- Fabric (flowy, with some drape) - the piece I used was only 1.5m x 1.4 m
- Bias tape (to finish neckline)
- Thread (regular & elastic thread for shirring)
- Sewing machine
To celebrate the start of the sewsustainablefabric challenge we're running with Candice from @sewbakemake, Allison from @sowingwithstitches, Lindsey from @thestitchfitz, and Alissah from @alissahthreads, I was inspired to sew up this piece of secondhand fabric I found at a charity shop a few weeks ago. A simple combo fo a few different styles I've done before - a really easy-to-wear dress and super comfortable. I'm a EU36/US4, but given the loose fit, the measurements easily work for a EU38/US6, maybe even EU40 (unless super curvy).
I. My cut top pieces with measurements (there was a hole in the secondhand fabric I used, so I had to cut the back in two pieces, hence the center seam).
II. First I pinned the shoulders together right sides facing, and sewed them:
III. Next I finished the neckline with bias tape ( more detail on how to do that here).
IV. Then I cut the sleeves:
.. And pinned them into place, right sides facing:
And sewed. At this point I also like to press the hem double fold (much easier than when the sleeve underseam is done (only I pressed the fold a bit too wide here, ended up doing just about 1 cm of fold).
V. To create the light puff sleeve look, I sewed two rows of shirring about 6 cm from the sleeve end. I've gone through shirring in more detail here.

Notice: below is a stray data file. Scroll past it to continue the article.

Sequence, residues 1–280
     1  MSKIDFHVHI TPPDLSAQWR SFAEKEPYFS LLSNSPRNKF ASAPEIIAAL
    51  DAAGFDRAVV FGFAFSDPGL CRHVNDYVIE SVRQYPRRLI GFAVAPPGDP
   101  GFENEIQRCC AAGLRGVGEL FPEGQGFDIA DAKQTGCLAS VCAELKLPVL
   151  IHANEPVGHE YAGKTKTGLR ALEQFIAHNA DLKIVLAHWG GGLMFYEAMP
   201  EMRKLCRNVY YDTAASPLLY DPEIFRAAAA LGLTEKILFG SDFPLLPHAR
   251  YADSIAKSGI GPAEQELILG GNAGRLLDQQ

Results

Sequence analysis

VI. Last, did the sleeve underseams + side seams, and hemmed the sleeve.
VII. I cut 2 rectangles 100 cm by 56 cm (the widest pieces I could cut from the fabric I had left). I placed them right sides facing, sewed the sides, and finished one horizontal edge with my serger and a 2 cm fold (you could zigzag it too).
Next I sewed a basting stitch (longest stitch on your machine) about 1 cm from the folded edge, and pulled on the bobbin thread of the stitch to gather the fabric.. Until it was the same width as the top. When done, it's important to use your iron to press the gathers (otherwise it will be much harder to pin).
If you're really particular, you need to do the basting/gathering stitch in a contrasting colour so you can remove it after. I'm not too fussed about two stitches on the finished product.
.. And then pinned it along the top piece hem, and sewed in place. When you pin, make sure you use the pins to point the gathers upwards (so you end up sewing over the basting stitch, and don't sew the gathers flat). If you used a contrasting stitch, this is the time when you can pick that out. A waste of life if you ask me:) Last step was to hem the dress (just do a double fold and straight stitch all around).
Want more details about this and other fashion and style ideas? Check out more here!Go
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